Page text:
As we join Jesus and his disciples this morning way up north in Caesarea Philippi, well outside their usual bailiwick of Galilee, and even further from Jerusalem, the Apostle Peter and his colleagues are having a similar problem with cognitive dissonance. They’ve been following Jesus around for a good while now, and they’ve seen his growing popularity and increasing public visibility. They have high aspirations for him, and for themselves when he comes into his Kingdom. They’re like volunteers who attach themselves to an obscure political candidate whom they hope has big upside potential, thinking that they might land prestigious jobs in the administration if the candidate is elected to office. Then Jesus throws a wet blanket on everything:  He “began to teach them that the Son of Man must suffer many things and be rejected by the elders and the chief priests and the scribes and be killed, and after three days rise again.”

Peter is cheeky enough to rebuke Jesus—just the way a political operative might dress down a candidate who goes off script—Peter rebukes Jesus, and Jesus then rebukes Peter’s rebuke, using some rather emphatic language: “Get behind me, Satan!” Yeah, Jesus called Peter “Satan.” That had to sting. But it’s the “get behind me” part that we should be focusing on, because Jesus is inviting Peter to change positions, to adopt a different perspective, in order that he might see more clearly and understand more fully—just as when we set aside our literal eyes and begin to use our mystical eyes, the poetry of Venatius Honorius Fortunatus begins to not be irrational or absurd anymore, but to make perfect sense. And the position that Jesus is inviting Peter to assume is that of a disciple. A disciple follows the master, and is there lined up behind the master. “Get behind me, Peter, where a disciple belongs, and you will see that my talking of suffering and dying and rising again is not silly or distracting, but is a deeper truth than you have ever imagined.”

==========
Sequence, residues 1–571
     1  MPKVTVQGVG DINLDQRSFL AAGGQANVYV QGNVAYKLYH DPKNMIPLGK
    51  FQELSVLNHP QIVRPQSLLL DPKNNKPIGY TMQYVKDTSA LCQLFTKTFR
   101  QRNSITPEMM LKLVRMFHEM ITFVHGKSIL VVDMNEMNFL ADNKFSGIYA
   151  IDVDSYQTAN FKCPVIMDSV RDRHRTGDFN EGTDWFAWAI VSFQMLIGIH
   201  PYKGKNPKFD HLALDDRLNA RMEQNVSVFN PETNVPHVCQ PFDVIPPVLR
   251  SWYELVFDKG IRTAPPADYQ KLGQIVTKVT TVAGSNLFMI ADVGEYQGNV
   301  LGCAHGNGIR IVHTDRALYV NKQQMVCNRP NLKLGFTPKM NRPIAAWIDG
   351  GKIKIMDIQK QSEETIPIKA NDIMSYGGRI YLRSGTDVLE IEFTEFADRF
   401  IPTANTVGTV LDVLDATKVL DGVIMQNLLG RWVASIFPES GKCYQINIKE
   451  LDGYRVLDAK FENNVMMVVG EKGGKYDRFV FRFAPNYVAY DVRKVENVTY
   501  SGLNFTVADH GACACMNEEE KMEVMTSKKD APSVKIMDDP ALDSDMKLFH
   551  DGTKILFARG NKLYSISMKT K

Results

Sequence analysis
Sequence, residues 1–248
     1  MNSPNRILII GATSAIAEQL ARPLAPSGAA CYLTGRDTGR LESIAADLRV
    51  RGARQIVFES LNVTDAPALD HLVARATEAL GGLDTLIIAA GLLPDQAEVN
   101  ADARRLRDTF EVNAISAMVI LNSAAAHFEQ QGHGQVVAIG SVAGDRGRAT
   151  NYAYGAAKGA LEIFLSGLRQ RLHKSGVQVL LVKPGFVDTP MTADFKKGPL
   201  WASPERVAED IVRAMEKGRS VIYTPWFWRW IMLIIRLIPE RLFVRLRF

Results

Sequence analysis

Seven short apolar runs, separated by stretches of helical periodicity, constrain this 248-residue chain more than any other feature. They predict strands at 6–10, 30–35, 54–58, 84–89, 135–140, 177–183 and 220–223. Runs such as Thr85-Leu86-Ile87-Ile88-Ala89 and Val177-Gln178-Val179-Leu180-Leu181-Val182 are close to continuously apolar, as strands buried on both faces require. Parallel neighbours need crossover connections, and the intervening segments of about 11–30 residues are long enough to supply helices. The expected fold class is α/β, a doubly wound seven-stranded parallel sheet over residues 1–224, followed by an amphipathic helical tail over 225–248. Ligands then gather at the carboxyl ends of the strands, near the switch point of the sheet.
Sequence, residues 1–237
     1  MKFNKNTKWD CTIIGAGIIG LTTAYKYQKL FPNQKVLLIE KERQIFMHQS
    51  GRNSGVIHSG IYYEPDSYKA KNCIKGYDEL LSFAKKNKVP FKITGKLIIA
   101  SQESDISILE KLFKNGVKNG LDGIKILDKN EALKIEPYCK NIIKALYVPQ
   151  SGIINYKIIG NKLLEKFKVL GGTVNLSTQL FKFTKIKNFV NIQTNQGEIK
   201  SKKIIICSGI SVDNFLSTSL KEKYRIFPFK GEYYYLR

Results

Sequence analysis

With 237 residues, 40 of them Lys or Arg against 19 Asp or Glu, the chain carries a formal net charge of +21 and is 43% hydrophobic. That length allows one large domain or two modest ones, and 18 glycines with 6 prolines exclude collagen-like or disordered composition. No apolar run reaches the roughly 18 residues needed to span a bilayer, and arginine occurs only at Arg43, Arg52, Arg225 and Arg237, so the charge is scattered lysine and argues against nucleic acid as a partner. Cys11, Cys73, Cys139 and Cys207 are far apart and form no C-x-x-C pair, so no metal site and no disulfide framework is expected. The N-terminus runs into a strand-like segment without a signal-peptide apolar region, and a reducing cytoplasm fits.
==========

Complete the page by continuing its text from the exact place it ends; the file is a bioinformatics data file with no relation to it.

Some of you may know this already, but I have a reputation as a bit of a picky eater. I do eat many vegetables now, but all fruits and creamy sauces and most salads—all but one, actually—are still in my no-go zone. But, I’m a lot better than I used to be. There are many things that I now love, that for years I thought I didn’t like and wouldn’t eat. The right set of circumstances came together, and I was encouraged to try these things, and eventually developed a taste for them. Many of you, I’m sure, could say the same thing—if not about food, then a make of car, or a neighborhood, or a style of clothing, or something else. We announce our distaste for it, but somebody challenges us with, “Have you tried it?”  Do you know it as an insider? And once we try it as an insider, it all comes together. It meets our needs. We like it.

The whole enterprise of Christian faith is just like that. As long as we have mental reservations, as long as we hang around edges, as an outsider looking in, there will be cognitive dissonance. The cross of Christ is abhorrent foolishness to us. Religious practice is meaningless ritual. Nothing makes us more uneasy than being asked to talk about spiritual matters, and nothing is more boring than public worship. Venatius Honorius Fortunatus is just a blithering idiot. A Christus rex is a pretty relic that means nothing. Jesus comes to us this morning and says, “Get behind me. Change your point of view. Get a new perspective. Line up behind me where a disciple belongs. Then it will all begin to make sense, and you’ll wonder why it took you so long.” My friends, we know the glorious mystery of God’s redeeming love when, and only when, we assume the position, and the vantage point, of a disciple.

Praised be Jesus Christ. Amen.